High resolution images of molecular oxygenation have been shown to provide crucial guides to the delivery and monitoring of cancer therapy in model systems. Stroke and myocardial infarction therapies may similarly benefit. EPR imaging (EPRl) of oxygen (EPROI) provides a unique combination of spatial resolution, oxygen resolution, time resolution and uniform sensitivity with depth in tissue. This Center focuses on the optimization of In Vivo EPR Oxygen Imaging anticipating human images. It is a consortium between the Universities of Chicago, Denver, Maryland, and the Novosibirsk Institute of Organic Chemistry, Russia. EPROI requires coordinated development of multidisciplinary technologies: instrumentation for spectroscopic imaging, spin probes to sample and report the tissue fluid environment and imaging strategies to optimally sample and analyze the image information obtained- The Center is built on this multidisciplinary effort from medical physicists, engineers, biologists, radiation oncologists, physical and organic chemists, statisticians and imaging mathematicians. In the past 5 years the Center: 1) implemented T1/R1 sensitive pulse sequences that free trityl based EPR oxygen images from confounding variations;2) developed and made routine highly sensitive Electron Spin Echo pulse imaging as a Tl and T2 readout;3) enhanced signal to noise ratio per unit time (SNR/t) of pulse imaging with novel technical methods;4) developed methods for large object imaging;5) applied novel nitroxide sensitive rapid scan imaging to animal systems;6) made significant progress toward the development of unusually narrow line trityls;7) synthesized novel very narrow line deuterated nitroxides for pH and thiol imaging. These achievements prepare the Center for the promise of its final funding cycle, work toward human application. Toward that end we propose the following Technology Research and Development Projects: 1) Higher SNR/t for enhanced spatial and p02 resolution EPROI;2) Rapid EPROI acquisition - time resolved three dimensional oxygen image movies;3) Enhanced registration of EPROI with multimodality imaging for better definition of tissue and tumor microenvironment;4) Commercial small animal pulse oxygen and rapid scan imaging systems to accelerate pharmaceutical development and the development of a human imager prototype. The last aim fulfills the Center mission of commercial migration of the EPRl technology. We will work with Bruker BioSpin on a commercial small animal imaging system. Public Health Relevance: (provided by applicant): This proposal will improve the sensitivity and accuracy of electron paramagnetic resonance imaging (EPRl) of oxygen (EPROI) in the tissues and tumors of living animals. Molecular oxygen availability determines resistance to radiation therapy and is a determinant of stroke, heart attack and peripheral vascular disease. We will work with Bruker BioSpin to develop an animal EPROI to accelerate development of anti-angiogenic drugs and to investigate radiation therapy dose painting in preclinical animal models.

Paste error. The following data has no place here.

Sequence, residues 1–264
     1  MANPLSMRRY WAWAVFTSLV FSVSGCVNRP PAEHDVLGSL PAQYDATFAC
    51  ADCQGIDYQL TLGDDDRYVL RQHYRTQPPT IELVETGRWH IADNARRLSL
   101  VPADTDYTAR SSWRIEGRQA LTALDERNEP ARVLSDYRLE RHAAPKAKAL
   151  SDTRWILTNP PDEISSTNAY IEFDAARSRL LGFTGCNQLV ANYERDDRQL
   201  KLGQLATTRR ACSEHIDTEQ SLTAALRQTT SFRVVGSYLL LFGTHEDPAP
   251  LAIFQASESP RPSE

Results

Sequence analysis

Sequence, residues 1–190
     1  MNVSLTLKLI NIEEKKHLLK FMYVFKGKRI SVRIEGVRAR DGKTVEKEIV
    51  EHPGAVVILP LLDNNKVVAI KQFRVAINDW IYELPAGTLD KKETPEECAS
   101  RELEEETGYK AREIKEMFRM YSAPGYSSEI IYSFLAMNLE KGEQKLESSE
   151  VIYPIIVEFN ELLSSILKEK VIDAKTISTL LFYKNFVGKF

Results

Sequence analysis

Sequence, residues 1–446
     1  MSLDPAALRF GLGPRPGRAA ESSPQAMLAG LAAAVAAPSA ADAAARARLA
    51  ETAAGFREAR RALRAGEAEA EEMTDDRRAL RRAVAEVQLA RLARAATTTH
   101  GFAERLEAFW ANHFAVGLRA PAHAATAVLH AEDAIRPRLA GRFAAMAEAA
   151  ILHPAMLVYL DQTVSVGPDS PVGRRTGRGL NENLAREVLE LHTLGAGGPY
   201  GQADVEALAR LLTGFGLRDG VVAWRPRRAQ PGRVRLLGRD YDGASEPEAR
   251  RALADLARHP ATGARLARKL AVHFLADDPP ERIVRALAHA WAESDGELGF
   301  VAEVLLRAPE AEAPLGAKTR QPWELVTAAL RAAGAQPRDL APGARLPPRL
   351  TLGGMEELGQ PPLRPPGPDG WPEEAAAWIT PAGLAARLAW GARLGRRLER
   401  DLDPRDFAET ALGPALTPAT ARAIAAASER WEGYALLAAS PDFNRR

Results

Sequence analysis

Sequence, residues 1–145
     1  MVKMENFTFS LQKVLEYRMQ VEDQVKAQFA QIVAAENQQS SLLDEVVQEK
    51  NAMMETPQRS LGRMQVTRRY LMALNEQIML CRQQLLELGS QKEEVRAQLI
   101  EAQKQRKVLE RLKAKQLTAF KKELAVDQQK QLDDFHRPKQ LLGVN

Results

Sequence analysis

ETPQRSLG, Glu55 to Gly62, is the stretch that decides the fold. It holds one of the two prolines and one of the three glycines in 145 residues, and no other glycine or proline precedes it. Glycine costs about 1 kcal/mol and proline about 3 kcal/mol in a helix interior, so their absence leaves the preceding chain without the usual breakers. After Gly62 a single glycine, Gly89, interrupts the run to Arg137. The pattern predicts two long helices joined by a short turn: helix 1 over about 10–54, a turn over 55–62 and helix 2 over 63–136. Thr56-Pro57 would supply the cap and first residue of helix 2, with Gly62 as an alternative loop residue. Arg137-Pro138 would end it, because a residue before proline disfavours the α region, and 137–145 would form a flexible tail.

Public Health Relevance